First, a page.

Guest Blog: Mobile boom is changing how we do business – radically, and forever

Welcome to our first guest blog from Chris Martin, CEO of Waracle, specialist mobile app developer and mobile marketing. Waracle’s been doing mobile for 8 years, and works with some of the biggest and most innovative UK companies. Waracle are based in Dundee, Scotland.

The graph charts the decline of Desktop and Laptop computers while Phones and Tablets show rapid growth (expressed in CAGR – compound annualised growth rate, 2012- 2107)

This means computer, software & IT companies are responding rapidly to changing tastes.  But sadly, for some well-known companies, not responding quickly enough, e.g. Dell.

By extension, it also suggests most businesses will have to market, sell or provide services differently to remain prosperous, with big prizes for early adopters.

Why is mobile thrashing desktop? 

Humans are ‘intensely attracted’ to labour saving gadgets, they want stuff quicker, or more stuff via the same device.  A mobile provides all of this and more, for example:

  • Faster access to social media, content, films, and music
  • Touch is a more natural interface and is easier to learn and use
  • Improved and simplified user interface / experience
  • Always On, portable devices.
  • Workers want access to company systems from any device from any location.
  • A platform to buy multitude of content, products which has billing details stored

It all adds up to a giant wave of “Consumerisation”, i.e.: cool technology, coming from home to the workplace.  People expect to use it, and if you don’t allow them, they’ll work around you.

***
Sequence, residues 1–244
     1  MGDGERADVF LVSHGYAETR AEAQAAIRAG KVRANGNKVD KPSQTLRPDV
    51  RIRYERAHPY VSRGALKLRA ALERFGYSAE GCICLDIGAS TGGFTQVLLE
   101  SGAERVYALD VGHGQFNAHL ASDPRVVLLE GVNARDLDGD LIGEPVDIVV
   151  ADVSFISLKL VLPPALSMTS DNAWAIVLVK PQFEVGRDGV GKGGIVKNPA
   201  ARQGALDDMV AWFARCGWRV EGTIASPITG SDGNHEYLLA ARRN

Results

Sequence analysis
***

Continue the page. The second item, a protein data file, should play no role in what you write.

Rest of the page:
Mobiles – A different Story in different demographics

  • iOS (Apple) – Premium brand, very strong with professionals (prosumers), and strong with Generation Y & Z
  • Android (Google) – Strong in emerging economies, where price is an issue
  • Android – Strong amongst uber-geeks, e.g.: software engineers
  • Android (UK) – Strong with people moving to first smartphone (late-adopters), these are likely to be older, and more price sensitive.

If you market on the web, or deliver your service via web or software, you need to understand your demographic, region and use-case to ensure you’re prioritising your spend efficiently (web v mobile, iOS v Android).  It’s a nuanced picture and worth taking advice, but big prizes for early adopters.

Mobile – A Different Story in Different Regions

  • Developed economies – UK/US/Australia – Apple is proportionally much stronger
  • Developing economies – Android is strong and Windows Mobile is emerging

It’s a highly nuanced picture.  If you’re marketing or selling worldwide, it’s important you pick your channels which best suit the location.

Apple Ecosystem does better (paid) business

At latest figures Apple makes five times as much money from five times fewer worldwide users of their Ecosystem (Music, Films, Apps) than Android.  This demonstrates Apple users tend to spend more money.

This is why, in developed economies, developers invariably test ideas with Apple first and Android second.  It’s why mobile marketing delivers a better ROI on Apple, but conversely, why there’s more free stuff on Android.  Again, a highly nuanced picture and worth taking advice.

Mobiles – changing marketing and sales – forever

People don’t buy the same way they used to, for example in B2C product sales:  Early in buying cycle, they’ll Google the product category, then check Amazon reviews and identify what they want.  Then they’ll search around for the cheapest provider, but they’ll favour Amazon, EBay, Apple, etc, as they’re likely to have those apps loaded on their mobile.

E-commerce has changed forever, websites that used to do good business are now in decline.

‘Showrooming’ is a huge pressure on retailers – people researching in shops, using shops to test, look at product, then buying elsewhere – there are useful techniques to counteract this.

Similarly if you’re B2B, then they’ll often use Google to create a short list of providers, e.g.: “mobile app developers Scotland” then research providers, and have selected you (or not), long before they’ve picked up the phone.

Therefore, you’re probably losing out, if you’re not investing early in the buying cycle, probably on mobile – where people increasingly research and look for feedback … somebody else will be.

 It’s change or wither time

This is a time of great disruption for business. The pace of change has leapt forward, and we see traditional companies being out-performed by new contenders, start-ups or companies who’ve adopted mobile quickly.

Guest Blog – Chris Martin, CEO, Waracle